Do you know we humans can follow the scent almost as well as our dogs?

dogface Human-nose

The British, those great pet lovers, were tuned into the BBC which presented the story of a woman, Joy Milne, who claimed she could smell Parkinson’s disease. She was the widow of a Parkinson’s patient. Her husband suffered the progressive disease for 20 years which affected his nervous system and bodily movements.

Was it really true?

Edinburgh University researchers enlisted six people with Parkinson’s and six people without. They gave T-shirts to them all for one day and then collected the shirts and put them in a bag.  Tilo Kunath, one of the members of the team from the school of biological science at Edinburg University told the BBC  Milne’s accuracy in detecting which participants had the disease and which didn’t was 11 out of 12. Milne was adamant that the man in the control group did have Parkinson’s disease. The Edinburgh researchers said he didn’t but eight months later, the man was diagnosed with Parkinson’s disease.’s-super-smell-raises-parkinsons-hope

In my Smell Book published years ago by Lippincott Company, I cited the case of a society matron, who wished to remain anonymous. She could report who last slept in a newly laundered pillow case and was able to match coats in a closet to guests at a party by scent alone.

I also reported the case of Smelly Kelly, a subway sniffer for the New York Transit Authority for more than 34 years. It was his job to sniff out gas leaks. One time, an irate tavern owner accused the subway authority of allowing fumes from the tunnel to escape into his establishment. Kelley sniffed once around the barroom to localize the odor, climbed up on a chair, tapped a spot on the tavern wall, and announced, “Dead rats!”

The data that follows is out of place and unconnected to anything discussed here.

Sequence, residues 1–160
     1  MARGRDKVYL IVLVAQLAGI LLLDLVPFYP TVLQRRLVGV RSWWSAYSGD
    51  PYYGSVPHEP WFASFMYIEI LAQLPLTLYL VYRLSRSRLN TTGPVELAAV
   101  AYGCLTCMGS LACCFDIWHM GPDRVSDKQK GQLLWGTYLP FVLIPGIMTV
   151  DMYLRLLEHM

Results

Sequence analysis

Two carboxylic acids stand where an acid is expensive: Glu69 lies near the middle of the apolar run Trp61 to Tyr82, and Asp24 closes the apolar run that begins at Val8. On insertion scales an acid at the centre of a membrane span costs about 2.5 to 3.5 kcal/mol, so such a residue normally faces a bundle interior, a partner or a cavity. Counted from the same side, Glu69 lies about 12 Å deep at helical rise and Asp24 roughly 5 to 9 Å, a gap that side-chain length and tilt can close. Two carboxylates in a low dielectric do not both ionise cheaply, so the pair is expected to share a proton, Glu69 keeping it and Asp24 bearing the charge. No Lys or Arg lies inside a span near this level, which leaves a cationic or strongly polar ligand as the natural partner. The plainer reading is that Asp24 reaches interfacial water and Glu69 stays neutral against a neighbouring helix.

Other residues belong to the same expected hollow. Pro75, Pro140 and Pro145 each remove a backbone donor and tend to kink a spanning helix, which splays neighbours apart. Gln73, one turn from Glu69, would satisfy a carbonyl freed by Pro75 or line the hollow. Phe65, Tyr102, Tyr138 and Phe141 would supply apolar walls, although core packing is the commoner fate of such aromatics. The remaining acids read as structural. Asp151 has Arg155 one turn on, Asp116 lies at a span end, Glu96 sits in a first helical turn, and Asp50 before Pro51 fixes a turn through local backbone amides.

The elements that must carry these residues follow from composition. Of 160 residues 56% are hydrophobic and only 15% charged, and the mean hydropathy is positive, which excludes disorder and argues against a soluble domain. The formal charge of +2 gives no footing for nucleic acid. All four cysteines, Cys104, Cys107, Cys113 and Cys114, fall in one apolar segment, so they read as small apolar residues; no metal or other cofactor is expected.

You can probably improve your sense of smell if you concentrate on it but you may not get to be a good as your dog. Your pet has an advantage. Dogs have a snout.

Anthropologists have theorized that because primates lived in trees and developed a grasping hand as opposed to a clawed forefoot, sniffing became less important than good eyesight, As a result, the long snout with which other mammals explore smells on the ground was no longer necessary. As the snout shrank, the nasal barrier between the eyes decreased allowing the fields of vision to overlap. Thus the sense of smell, although still well developed, lost its importance in the apes and humans.

Fast forward to the future: Researchers are now working on a bioelectronic nose. In the Elsevier Journal Biosensors and Bioelectronics, scientists at Seoul National University constructed an artificial nose with sensors which can smell almost like humans. Manki Son and his colleague reported “We don’t have a system yet for the classification of smell; it all depends on the sensory system but they said “with our bioelectronic device we can systematically detect and label smells.

The group says they intend to develop a real human-like bioelectronic nose.

“In the human nose,” they postulate, “there are about 400 different olfactory receptors. If we could develop our technology to include all of these, we could have a device that could smell anything we can, at lower concentrations.”

Hear that Fido? Don’t turn up your nose yet: I believe it will be a long time before you can be out-sniffed.

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